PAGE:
Professor Ibbetson followed with a gracious thank you and we with thundering applause.

 

#IALL2016 Recap: Law Reporting in England 1550-1650

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By: Jim Hart

After Professor Reynolds presentation, Diversities among Common Law Nations, Emeritus Professor Sir John Baker and Professor David Ibbetson spoke on the historical development of modern precedent and case reporting.  Although the two differ superficially, they are in fact deeply intertwined.  It may be said that they both spring from the same origin: changes in the theory of authority in the sixteenth and seventeenth centuries.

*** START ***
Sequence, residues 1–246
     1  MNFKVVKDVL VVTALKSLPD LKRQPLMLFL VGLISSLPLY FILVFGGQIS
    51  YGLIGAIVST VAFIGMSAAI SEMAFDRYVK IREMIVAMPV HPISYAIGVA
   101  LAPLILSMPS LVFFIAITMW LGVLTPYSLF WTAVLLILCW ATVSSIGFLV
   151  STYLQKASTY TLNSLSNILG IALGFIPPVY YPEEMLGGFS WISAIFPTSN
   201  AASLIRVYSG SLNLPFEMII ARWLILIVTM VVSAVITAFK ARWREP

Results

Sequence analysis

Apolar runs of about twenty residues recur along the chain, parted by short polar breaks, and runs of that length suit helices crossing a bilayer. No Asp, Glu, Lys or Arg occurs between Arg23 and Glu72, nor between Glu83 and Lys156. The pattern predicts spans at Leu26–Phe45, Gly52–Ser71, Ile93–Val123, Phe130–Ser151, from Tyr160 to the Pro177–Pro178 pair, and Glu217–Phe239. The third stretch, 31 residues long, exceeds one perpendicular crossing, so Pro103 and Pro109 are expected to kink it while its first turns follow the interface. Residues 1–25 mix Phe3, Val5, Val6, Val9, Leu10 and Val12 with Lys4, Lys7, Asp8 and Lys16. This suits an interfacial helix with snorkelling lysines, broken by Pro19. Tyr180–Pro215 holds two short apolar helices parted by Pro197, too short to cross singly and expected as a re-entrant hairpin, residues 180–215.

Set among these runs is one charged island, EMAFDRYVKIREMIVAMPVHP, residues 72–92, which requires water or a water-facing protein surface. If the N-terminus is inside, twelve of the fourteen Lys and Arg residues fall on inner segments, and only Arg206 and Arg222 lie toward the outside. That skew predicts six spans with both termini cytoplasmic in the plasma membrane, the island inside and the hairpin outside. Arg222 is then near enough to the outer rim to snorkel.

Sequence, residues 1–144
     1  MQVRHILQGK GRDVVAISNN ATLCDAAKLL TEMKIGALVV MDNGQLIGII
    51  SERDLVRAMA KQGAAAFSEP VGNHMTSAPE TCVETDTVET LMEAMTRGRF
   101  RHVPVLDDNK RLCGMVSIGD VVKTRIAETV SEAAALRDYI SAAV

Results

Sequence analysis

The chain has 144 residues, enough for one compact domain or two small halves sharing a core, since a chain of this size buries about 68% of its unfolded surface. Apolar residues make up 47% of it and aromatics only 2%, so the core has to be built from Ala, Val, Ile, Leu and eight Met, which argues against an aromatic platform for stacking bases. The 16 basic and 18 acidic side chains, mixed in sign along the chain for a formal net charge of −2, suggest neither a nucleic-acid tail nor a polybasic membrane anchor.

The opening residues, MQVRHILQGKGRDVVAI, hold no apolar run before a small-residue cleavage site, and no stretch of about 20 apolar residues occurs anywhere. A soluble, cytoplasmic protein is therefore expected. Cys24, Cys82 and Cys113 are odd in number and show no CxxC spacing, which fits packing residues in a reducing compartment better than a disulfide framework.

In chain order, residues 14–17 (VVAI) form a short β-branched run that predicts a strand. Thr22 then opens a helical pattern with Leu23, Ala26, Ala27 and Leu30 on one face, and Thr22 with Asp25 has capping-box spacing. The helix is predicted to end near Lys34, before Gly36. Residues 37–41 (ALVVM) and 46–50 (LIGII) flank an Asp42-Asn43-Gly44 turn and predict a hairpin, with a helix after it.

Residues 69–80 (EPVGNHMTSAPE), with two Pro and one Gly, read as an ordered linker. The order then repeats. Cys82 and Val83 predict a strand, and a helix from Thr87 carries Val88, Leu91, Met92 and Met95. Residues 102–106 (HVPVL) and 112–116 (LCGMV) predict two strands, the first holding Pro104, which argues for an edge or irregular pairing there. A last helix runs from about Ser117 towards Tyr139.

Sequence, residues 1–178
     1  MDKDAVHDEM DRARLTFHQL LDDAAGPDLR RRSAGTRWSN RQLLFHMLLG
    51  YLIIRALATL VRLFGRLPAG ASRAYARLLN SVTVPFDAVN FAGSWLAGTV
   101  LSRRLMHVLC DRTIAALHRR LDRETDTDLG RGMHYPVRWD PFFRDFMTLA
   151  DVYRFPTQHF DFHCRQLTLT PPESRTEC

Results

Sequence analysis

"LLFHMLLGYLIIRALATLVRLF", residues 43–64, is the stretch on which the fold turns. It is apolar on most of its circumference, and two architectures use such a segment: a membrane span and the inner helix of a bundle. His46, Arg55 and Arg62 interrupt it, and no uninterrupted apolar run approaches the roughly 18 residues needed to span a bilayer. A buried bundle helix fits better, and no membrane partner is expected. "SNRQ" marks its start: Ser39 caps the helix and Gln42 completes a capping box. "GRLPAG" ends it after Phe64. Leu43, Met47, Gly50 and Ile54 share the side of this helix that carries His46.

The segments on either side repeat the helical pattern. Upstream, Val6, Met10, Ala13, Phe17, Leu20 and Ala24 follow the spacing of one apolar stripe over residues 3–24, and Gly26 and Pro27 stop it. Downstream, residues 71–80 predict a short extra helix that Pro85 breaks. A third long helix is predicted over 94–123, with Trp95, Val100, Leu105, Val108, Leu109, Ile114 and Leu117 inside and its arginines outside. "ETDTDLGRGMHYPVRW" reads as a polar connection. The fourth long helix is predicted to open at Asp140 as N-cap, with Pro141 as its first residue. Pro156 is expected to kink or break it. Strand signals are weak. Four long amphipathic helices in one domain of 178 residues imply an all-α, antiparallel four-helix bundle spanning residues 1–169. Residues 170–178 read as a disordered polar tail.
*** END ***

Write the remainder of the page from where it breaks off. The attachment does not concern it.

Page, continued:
Professor Baker began with the origins of case reporting in England, as we know it, between 1550 and 1650.  The story begins at the end of the series of Year Books in 1535.  When Edmund Plowden entered the Middle Temple in 1538, he began compiling reports of cases and continued this practice throughout his career.  These reports were published as Plowden’s Commentaries in 1571. They were the first of the nominate reporters and differed in important respects from the Year Books.

Although the Year Books had been anonymous, Plowden published his Commentaries under his own name.  He had found out that someone had quickly and carelessly copied his notes and intended to publish them.  He was forced to publish them under his name to secure the credit for his assiduous work.  Indeed Plowden felt it necessary to apologize for putting out his reports in his own name.